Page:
A. J. Jacobs, author of My Life as an Experiment and The Year of Living Biblically
It may sound like hyperbole, but it's true: Medicine is undergoing its biggest revolution since the invention of the germ theory. As Eric Topol writes, thirty years ago, digital medicine' referred to rectal examinations. Dr. Topol is both a leader of and perfect guide to this brave new health world. His book should be prescribed for doctors and patients alike.”
Brook Byers, Partner, Kleiner Perkins Caufield & Byers
This is the one book to read for a complete and clear view of our medical future, as enabled by the convergence of digital, mobile, genomic, and life science breakthroughs. Dr. Topol explains how iPhones, cloud computing, gene sequencing, wireless sensors, modernized clinical trials, internet connectivity, advanced diagnostics, targeted therapies and other science will enable the individualization of medicineand force overdue radical change in how medicine is delivered, regulated, and reimbursed. This book should be read by patients, doctors, scientists, entrepreneurs, insurers, regulators, digital engineersanyone who wants better health, lower costs, and participation in this revolution.”
Misha Angrist, Assistant Professor, Duke Institute for Genome Sciences & Policy, and author of Here is a Human Being
Eric Topol is that rare physician willing to challenge the orthodoxies of his guild. He recognizes that in the U.S., health care business-as-usual is unsustainable. But he does not despair. He bears witness to the rise of Homo digitus and the promise it holds to upend the inefficiencies and dysfunction so entrenched in clinical medicine. The Creative Destruction of Medicine is a timely tour de force. It is a necessary heresy.”
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Top Customer Reviews
His review of genetics was a little dense, but as readers we must all bear in mind how difficult it is to condense such a complex subject into a chapter of one book providing enough information for the lay person to become excited about the possibilities in front of us without speaking totally over our heads. The promise of pharmacogenomics is here today. Enabling an oncologist to test a cancer tumor for genetic markers that indicate which of several chemotherapy drugs would be most efficacious for a particular patient. The "wrinkle" in the system is that insurance company awareness and subsequent payments are running behind the speeding train of "Star Trek" medicine. I do believe we will as a society work this out.
As a health care professional, I highly recommend this book for nurses, physicians, administrators as well as interested lay people. There are so many cost pressures coming with health care reform, it is easy to get caught up in thinking that quality of care is doomed to decline. This book opened my eyes to the possibilities in front of us today and many hopes in front of us within the next 5 years. It truly lifted my spirits to read it.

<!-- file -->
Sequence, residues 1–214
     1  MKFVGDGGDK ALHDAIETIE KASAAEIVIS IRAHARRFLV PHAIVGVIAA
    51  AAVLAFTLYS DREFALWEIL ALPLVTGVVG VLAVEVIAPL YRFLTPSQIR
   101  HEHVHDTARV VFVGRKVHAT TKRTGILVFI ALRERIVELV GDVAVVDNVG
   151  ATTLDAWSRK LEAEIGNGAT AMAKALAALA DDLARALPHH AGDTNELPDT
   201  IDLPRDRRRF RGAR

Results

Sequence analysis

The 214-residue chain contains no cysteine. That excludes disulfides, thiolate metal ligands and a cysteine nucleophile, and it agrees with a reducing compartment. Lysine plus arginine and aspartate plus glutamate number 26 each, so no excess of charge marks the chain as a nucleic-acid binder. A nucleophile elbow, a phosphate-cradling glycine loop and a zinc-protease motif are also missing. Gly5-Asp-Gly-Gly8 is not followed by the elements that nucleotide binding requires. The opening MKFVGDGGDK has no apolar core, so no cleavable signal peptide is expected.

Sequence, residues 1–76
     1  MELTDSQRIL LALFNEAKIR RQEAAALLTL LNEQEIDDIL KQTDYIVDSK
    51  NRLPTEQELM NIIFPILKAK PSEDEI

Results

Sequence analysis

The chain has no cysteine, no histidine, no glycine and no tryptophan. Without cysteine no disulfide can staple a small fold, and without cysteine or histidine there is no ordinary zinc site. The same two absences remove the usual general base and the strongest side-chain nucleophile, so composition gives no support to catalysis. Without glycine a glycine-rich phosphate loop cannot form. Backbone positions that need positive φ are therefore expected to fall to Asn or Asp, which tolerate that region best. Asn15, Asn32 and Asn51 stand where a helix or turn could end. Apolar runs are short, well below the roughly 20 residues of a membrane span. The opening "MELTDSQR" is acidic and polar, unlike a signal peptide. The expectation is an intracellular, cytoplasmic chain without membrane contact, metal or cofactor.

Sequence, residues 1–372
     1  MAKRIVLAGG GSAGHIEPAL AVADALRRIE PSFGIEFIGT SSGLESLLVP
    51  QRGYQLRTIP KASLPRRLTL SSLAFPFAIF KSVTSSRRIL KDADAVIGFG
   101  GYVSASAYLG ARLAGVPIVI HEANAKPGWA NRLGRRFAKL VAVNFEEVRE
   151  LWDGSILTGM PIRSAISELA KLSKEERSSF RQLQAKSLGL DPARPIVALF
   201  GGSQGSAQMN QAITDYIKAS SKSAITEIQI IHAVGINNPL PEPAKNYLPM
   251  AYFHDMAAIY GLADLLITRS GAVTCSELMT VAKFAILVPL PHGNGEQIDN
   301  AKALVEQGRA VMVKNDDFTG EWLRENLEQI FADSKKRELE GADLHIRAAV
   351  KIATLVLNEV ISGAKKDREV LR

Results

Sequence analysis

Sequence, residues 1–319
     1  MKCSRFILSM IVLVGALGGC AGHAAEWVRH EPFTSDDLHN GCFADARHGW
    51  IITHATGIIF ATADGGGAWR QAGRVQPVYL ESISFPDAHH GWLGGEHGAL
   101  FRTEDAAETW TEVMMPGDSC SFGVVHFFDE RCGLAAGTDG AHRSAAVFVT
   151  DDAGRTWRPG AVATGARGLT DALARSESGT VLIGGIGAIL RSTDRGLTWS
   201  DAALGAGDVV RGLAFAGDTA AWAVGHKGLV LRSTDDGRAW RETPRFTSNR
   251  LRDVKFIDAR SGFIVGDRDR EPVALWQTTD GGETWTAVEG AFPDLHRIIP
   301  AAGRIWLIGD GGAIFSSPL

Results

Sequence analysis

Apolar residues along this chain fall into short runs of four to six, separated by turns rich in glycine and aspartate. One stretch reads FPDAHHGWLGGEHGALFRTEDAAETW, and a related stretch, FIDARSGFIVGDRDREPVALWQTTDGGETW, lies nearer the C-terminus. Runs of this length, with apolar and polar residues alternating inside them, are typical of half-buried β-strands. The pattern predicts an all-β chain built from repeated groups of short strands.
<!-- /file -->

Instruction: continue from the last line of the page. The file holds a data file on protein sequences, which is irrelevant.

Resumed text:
Thank you Dr. Topol.
This book reminds me of "Being Digital" by Nicholas Negroponte, updated and applied to medicine. I am an electrical engineer who worked in high tech (and the figures feel as if they came from a strategy/marketing presentation in that field). Reading on a Kindle, with the dictionary function, takes care of any esoteric medical terminology.
Who could read it: engineers, medical professionals and statisticians.
Who should read it: Everyone - especially if, like me, you have a chronic medical condition.
It will be interesting to see how this plays-out.
It just sucks that the average person interested in health isn't going to be able to read this book, nor are ideas like this the impetus for social change, because unfortunately complicated ideas from smart people aren't understood by most and thus don't go anywhere without social media efforts and popularity. However Dr. Topol wants a change, and I agreed with some of his ideas. Most intriguing to me was the part about pharmacogenomics and the future of personalization in medicine. Large population based studies attempt to homogenize its sample but never do, because the genes of those individual people weren't measured and people will respond differently. Being able to group people by certain haplotypes and genes is revealing greater answers in medicine, faster.
It's dense and has a LOT of information, a LOT of references, which I like. Highly recommended for medical students.
The only good news is that the cost of medicine can be greatly reduced through the aggressive introduction of advanced cutting-edge technology. Topol provides examples of where the injection of a little technology can substantively improve medicine, and at the same time do so at reduced costs. We might be seeing what others in the past have called "inflection points", where radical improvements and changes lead to measurably better patient outcomes.
Changes on the cusp, are by no means painless. In the future you personally will be unlikely to get nearly as much one-on-one time with your doctor. Instead you will be seen by other medical professionals like physician assistants, nurse practitioners, and technologists of all stripes . In writing this, I remember the days when my dentist actually cleaned my teeth (!). Now a hygienist tends to that, with the dentist stopping by to take a quick look and shake hands.
It would seem the dentists got to the answer faster than medical doctors were able to:
Delegate anything and everything you can to less expensive staff so you can see more patients and reap the rewards of an expanded practice.